DVD review – Housewife, 49 (2006), Region 4, Reel

During World War II British citizens were encouraged to document their lives in order to give the social research agency, the Mass-Observation Archive, a picture of life in wartime England. In 1939 Nella Last, who lived in the industrial North West town Barrow-in-Furness, was 49 when she wrote her first entry, which she headed “Housewife, 49”. Last’s writing became one of the Archive’s most comprehensive diaries and has been called an important proto-feminist work.

Actor, comedienne and all round English institution Victoria Wood, who also starred and created the sitcom dinnerladies, adapted Last’s diaries for this English telemovie as well as portraying her. Wood does a terrific job embodying this shy and nervous woman whose writing and volunteer work provides a desperately needed outlet from the stifling life she leads with her overprotective and domineering husband.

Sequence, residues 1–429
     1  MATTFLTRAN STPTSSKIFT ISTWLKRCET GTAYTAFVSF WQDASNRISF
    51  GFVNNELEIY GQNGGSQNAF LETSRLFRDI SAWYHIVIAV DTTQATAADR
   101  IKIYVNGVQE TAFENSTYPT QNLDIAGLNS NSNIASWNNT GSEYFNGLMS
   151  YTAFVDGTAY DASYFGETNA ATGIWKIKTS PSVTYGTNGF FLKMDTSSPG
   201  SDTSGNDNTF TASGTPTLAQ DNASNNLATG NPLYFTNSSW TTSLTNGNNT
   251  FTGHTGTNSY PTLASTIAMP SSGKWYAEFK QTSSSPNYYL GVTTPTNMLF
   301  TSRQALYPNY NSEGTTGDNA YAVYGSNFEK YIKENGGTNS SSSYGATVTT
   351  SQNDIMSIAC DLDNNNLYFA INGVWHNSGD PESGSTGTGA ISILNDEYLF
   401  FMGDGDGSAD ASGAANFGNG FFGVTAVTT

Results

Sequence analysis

This adaptation is itself an interesting snapshot of what it was like to live in wartime England where everyday concerns continued amidst the rationing, blackouts, bombing and fears for loved ones away at war. By focusing on one person’s struggle for happiness, Housewife, 49 gently personalises the ordinary people who lived through such extraordinary times.  

Originally appeared in The Big Issue, No. 309, 2008

© Thomas Caldwell, 2008